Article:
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Acts of Parliament adjudicate administration of dependencies admitted adopted affairs Alsace-Lorraine American Colonies American Empire American Union appointed Articles of Confederation Assembly authority body Britain British Empire British Government British Parliament Charter claimed clause Commissioners Committee Congress consent Court Court of Vice-Admiralty Crown declared Dickinson dispose dominions duties enacted England established Executive exercise existence expert expression extent Federal Empire foreign France French Governor granted House of Commons implied India Indian inhabitants interests jurisdiction King in Council lands laws legislative power Legislature limited Lord Lord Chatham Majesty Majesty's Member-States ment nature necessary Northwest Territory officers Ordinance Parlia persons Plantations political power of disposition power of Parliament President principles Privy Council proposition Province purpose Realm recognized regarded relating relationship representative resolution respect Secretary settlement Sovereign statehood statutes superintendence supreme taxation taxes territory theory tion trade Treaty United unwritten Constitution Virginia Western region whole word
Page 194 - Britain; and that the King's Majesty, by and with the Advice and Consent of the Lords Spiritual and Temporal, and Commons of Great Britain, in Parliament assembled, had, hath, and of Right ought to have, full Power and Authority to make Laws and Statutes of sufficient Force and Validity to bind the Colonies and People of America, Subjects of the Crown of Great Britain, in all Cases whatsoever.4 This assertion of the authority of Parliament "to bind the Colonies and People of America ... in all Cases...
Page 372 - Canada, acceding to this confederation, and joining in the measures of the United States, shall be admitted into, and entitled to all the advantages of this Union. But no other colony shall be admitted into the same, unless such admission be agreed to by nine states.
Page 300 - That the raising or keeping a standing army within the kingdom in time of peace, unless it be with consent of parliament, is against law.
Page 45 - The lot is cast into the lap; but the whole disposing thereof is of the LORD.
Page 162 - That it is inseparably essential to the freedom of a people, and the undoubted right of Englishmen, that no taxes be imposed on them but with their own consent, given personally or by their representatives.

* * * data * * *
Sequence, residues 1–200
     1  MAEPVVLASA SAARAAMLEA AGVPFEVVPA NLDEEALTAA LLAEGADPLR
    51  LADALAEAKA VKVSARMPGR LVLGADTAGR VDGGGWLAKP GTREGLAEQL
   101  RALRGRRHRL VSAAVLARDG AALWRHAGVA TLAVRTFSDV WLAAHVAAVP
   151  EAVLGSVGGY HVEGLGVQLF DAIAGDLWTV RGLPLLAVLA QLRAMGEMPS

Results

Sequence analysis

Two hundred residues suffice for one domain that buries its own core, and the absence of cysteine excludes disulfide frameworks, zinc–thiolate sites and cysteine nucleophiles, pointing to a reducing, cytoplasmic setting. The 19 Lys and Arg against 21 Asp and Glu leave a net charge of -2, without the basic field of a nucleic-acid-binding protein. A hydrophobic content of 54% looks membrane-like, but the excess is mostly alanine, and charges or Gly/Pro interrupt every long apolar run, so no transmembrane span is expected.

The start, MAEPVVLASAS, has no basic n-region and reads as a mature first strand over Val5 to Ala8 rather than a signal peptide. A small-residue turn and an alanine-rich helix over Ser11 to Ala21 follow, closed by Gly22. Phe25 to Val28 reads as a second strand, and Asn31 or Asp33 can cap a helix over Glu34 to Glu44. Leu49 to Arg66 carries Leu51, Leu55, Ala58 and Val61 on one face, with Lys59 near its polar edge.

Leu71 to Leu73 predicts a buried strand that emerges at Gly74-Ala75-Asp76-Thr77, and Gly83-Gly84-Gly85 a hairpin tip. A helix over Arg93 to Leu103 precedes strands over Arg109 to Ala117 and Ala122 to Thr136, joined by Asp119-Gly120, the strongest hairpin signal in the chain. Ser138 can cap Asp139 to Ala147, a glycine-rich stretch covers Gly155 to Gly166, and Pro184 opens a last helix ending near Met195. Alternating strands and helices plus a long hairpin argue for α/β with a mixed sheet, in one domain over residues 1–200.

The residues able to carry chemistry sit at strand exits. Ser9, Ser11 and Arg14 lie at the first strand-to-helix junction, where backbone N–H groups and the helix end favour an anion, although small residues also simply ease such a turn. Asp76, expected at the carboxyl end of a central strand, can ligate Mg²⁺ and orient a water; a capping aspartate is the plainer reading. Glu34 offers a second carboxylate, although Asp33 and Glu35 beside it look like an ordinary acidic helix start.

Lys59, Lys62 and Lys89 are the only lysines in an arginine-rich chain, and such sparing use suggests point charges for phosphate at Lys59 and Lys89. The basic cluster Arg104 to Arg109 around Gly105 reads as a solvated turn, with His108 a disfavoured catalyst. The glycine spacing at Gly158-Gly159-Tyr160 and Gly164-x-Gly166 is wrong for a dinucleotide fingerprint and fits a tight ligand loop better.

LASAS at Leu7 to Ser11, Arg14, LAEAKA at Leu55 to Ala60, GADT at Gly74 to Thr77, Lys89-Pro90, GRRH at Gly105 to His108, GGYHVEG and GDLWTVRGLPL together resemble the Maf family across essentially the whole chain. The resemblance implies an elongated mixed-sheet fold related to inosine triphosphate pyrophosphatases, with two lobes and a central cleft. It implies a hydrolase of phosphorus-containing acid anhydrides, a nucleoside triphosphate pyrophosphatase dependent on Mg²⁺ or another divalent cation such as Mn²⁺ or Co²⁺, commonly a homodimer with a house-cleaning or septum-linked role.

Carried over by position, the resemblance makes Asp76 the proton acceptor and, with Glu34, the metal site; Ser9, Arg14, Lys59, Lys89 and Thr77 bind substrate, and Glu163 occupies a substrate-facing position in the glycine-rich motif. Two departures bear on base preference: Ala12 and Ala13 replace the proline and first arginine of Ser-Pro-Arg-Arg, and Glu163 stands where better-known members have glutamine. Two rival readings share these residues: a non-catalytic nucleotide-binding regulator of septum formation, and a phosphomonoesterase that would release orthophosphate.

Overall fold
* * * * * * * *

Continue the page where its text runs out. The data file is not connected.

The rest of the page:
Page 421 - Territory shall be subject to pay a part of the Federal debts, contracted or to be contracted, and a proportional part of the expenses of government, to be apportioned on them by Congress, according to the same common rule and measure by which apportionments thereof shall be made on the other States...
Page 554 - That the Constitution, and all Laws of the United States which are not locally inapplicable, shall have the same force and effect within the said Territory of Nebraska as elsewhere within the United States...
Page 285 - That our ancestors, who first settled these colonies, were at the time of their emigration from the mother country, entitled to all the rights, liberties, and immunities of free and naturalborn subjects, within the realm of England.
Page 551 - They are legislative Courts, created in virtue of the general right of sovereignty which exists in the government, or in virtue of that clause which enables Congress to make all needful rules and regulations respecting the territory belonging to the United States.
Page 312 - ... peace to be hunted through the labyrinth of intricate and endless negotiations; not peace to arise out of universal discord, fomented from principle, in all parts of the empire; not peace to depend on the juridical determination of perplexing questions, or the precise marking the shadowy boundaries of a complex government. It is simple peace; sought in its natural course, and in its ordinary haunts. It is peace sought in the spirit of peace; and laid in principles purely pacific.